Horse ATG Superior to Rabbit ATG for Severe Aplastic Anemia

Higher hematological response, survival rate with horse antithymocyte globulin and cyclosporine

WEDNESDAY, Aug. 3 (HealthDay News) -- In patients with severe aplastic anemia, rabbit antithymocyte globulin (ATG) and cyclosporine is inferior to horse ATG and cyclosporine as a first-line treatment, according to a study published in the Aug. 4 issue of the New England Journal of Medicine.

Phillip Scheinberg, M.D., from the National Heart, Lung, and Blood Institute in Bethesda, Md., and colleagues compared the efficacy of horse ATG with rabbit ATG in patients with severe aplastic anemia who had not received previous treatment. The study was designed to enroll 120 patient to be randomly allocated to either rabbit ATG and cyclosporine (60 patients), or horse ATG and cyclosporine (60 patients), between 2005 and 2010. The study design had the capacity to detect a difference of 25 percentage points in the response rate. The main outcome of the study was hematological response determined by blood counts at six months.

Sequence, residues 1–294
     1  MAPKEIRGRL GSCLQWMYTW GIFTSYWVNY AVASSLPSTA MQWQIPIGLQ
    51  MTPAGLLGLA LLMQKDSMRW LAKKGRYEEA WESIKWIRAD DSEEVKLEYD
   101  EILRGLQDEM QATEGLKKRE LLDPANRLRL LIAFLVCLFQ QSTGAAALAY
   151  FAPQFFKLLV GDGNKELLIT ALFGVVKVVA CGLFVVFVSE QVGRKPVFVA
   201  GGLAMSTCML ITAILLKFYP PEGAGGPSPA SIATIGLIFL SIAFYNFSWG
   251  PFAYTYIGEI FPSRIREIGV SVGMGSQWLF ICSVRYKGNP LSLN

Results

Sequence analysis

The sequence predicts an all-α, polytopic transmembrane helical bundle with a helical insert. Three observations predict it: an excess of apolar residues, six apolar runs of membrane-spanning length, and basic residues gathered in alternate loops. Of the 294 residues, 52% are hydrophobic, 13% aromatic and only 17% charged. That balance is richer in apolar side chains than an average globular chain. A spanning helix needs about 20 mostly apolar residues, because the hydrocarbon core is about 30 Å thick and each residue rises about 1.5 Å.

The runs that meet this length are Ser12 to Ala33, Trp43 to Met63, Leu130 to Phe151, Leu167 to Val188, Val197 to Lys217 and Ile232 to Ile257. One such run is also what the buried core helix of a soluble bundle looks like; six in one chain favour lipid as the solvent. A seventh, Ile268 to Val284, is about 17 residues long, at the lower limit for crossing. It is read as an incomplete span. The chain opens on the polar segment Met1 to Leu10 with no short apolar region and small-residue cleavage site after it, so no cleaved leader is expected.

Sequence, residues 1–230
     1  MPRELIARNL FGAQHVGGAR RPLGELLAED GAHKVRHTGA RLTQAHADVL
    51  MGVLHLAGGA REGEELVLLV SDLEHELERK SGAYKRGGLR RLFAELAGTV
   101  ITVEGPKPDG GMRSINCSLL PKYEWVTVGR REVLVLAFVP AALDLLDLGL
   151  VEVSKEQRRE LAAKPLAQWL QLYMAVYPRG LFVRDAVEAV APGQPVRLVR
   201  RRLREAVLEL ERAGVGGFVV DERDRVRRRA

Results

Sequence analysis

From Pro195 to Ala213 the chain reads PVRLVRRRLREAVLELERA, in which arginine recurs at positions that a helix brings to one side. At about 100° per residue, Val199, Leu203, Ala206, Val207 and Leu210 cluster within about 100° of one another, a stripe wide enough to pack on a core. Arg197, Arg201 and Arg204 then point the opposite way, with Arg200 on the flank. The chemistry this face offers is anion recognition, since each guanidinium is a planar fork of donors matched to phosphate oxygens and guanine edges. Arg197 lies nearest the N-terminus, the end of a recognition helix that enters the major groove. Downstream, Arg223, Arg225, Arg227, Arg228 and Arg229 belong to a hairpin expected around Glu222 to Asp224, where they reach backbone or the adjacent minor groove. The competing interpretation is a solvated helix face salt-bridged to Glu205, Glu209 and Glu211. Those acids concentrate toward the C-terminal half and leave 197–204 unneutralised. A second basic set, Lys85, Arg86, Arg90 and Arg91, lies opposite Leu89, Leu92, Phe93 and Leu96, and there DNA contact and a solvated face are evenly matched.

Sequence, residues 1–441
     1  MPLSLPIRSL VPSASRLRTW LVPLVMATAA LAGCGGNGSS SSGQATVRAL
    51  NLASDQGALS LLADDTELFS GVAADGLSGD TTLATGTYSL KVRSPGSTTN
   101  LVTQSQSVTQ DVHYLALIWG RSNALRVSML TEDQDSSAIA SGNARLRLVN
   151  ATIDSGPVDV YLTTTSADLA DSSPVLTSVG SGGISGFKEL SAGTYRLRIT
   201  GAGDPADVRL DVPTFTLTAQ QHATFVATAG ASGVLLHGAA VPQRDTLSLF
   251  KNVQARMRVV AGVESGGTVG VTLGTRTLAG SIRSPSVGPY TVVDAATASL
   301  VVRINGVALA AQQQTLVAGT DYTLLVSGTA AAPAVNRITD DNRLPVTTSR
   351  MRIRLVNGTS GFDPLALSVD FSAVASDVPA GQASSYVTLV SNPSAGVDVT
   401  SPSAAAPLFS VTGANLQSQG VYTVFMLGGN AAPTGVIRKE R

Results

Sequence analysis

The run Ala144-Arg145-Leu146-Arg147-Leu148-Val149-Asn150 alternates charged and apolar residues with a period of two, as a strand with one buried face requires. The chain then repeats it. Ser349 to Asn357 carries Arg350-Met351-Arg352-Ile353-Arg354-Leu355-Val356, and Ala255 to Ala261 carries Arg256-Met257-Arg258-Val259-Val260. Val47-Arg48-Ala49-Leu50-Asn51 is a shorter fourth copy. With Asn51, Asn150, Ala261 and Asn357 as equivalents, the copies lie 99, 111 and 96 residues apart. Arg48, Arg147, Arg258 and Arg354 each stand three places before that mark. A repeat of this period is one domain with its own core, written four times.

The investigators found that, at six months, the horse ATG showed an unexpectedly greater rate of hematologic response than rabbit ATG (68 versus 37 percent). The horse ATG group showed a significantly higher overall survival rate at three years than the rabbit ATG group, when the data were censored during stem-cell transplantation (96 versus 76 percent) and at the time of uncensored stem-cell transplantation (94 versus 70 percent).

"In a randomized study, rabbit ATG was inferior to horse ATG as a first treatment for severe aplastic anemia, as indicated by hematologic response and survival," the authors write.

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